JAIDS Journal of Acquired Immune Deficiency Syndromes:
Infections and Immunoepidemiology Branch, National Cancer Institute, NIH, Rockville, MD
Background: Women with HIV/AIDS had a low risk of breast cancer, but with improving antiretroviral therapies their risk gradually increased to that of the general population. Because HIV binding to the CXCR4 chemokine receptor may induce apoptosis of neoplastic breast cells, and because effective antiretroviral therapy retards emergence of CXCR4-using strains of HIV, we hypothesized that HIV tropism for this receptor would reduce breast cancer risk.
Methods: We conducted a breast cancer nested case-control study among women who participated in HIV/AIDS cohort studies with longitudinally collected risk factor data and plasma. Cases were HIV-infected women (mean age 45.7 years) who had stored plasma, with HIV viral load > 500 copies/mL, and collected within 24 months of breast cancer diagnosis. Three HIV-infected control women, without breast cancer, were matched to each case based on age and plasma collection date. CXCR4-tropism was determined by a phenotyopic tropism assay. Odds ratios (OR) and 95% confidence intervals (CI) for breast cancer were estimated by exact conditional logistic regression.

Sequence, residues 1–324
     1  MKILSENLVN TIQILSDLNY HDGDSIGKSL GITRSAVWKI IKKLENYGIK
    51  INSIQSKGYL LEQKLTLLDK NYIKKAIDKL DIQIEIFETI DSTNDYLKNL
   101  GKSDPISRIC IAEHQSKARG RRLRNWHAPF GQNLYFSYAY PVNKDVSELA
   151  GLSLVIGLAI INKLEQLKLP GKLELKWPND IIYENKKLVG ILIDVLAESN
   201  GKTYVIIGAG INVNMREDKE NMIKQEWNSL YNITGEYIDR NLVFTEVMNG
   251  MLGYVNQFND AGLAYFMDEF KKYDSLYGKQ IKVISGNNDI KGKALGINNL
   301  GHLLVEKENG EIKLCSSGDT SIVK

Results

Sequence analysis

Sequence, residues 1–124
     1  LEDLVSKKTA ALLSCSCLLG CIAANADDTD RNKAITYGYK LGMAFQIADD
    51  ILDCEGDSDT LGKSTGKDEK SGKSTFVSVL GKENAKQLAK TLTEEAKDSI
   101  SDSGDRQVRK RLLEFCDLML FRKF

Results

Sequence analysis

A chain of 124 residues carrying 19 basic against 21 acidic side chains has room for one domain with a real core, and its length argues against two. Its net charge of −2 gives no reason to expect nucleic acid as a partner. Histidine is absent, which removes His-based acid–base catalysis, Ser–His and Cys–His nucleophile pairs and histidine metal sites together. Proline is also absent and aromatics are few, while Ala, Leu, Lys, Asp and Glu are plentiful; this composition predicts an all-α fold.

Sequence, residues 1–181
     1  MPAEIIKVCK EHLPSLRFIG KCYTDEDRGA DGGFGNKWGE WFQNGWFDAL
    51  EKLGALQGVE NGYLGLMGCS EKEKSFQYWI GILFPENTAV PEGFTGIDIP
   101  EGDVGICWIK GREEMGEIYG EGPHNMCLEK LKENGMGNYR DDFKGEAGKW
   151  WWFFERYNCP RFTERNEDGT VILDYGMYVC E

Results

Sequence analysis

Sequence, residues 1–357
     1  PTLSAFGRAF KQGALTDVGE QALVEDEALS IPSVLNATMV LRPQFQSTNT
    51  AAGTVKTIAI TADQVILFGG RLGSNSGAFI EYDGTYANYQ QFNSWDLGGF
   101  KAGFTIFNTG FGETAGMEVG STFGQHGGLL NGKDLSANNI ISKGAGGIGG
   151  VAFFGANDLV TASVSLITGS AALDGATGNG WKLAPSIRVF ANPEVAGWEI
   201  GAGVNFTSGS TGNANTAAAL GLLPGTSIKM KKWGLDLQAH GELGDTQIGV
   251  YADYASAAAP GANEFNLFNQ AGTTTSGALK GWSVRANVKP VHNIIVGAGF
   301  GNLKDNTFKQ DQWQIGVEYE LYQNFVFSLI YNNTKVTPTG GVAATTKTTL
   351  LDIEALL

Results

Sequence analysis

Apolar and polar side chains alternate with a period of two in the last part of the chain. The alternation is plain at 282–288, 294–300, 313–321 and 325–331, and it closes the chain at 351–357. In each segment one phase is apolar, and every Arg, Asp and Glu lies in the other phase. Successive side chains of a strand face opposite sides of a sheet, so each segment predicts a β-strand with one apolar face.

Results: Two (9%) of 22 breast cancer cases had CXCR4-tropic HIV, compared to 19 (29%) of 66 matched controls. Breast cancer risk was significantly and independently reduced with CXCR4 tropism (adjusted odds ratio, 0.10, 95% CI 0.02-0.84) and with menopause (adjusted odds ratio, 0.08, 95% CI 0.001-0.83). Adjustment for CD4+ cell count, HIV viral load, and use of antiretroviral therapy did not attenuate the association between infection with CXCR4-tropic HIV and breast cancer.
Conclusions: Low breast cancer risk with HIV/AIDS is specifically linked to CXCR4-using variants of HIV. These variants are thought to exclusively bind to and signal through a receptor that is commonly expressed on hyperplastic and neoplastic breast duct cells. Additional studies are needed to confirm these observations and to understand how CXCR4 might reduce breast cancer risk.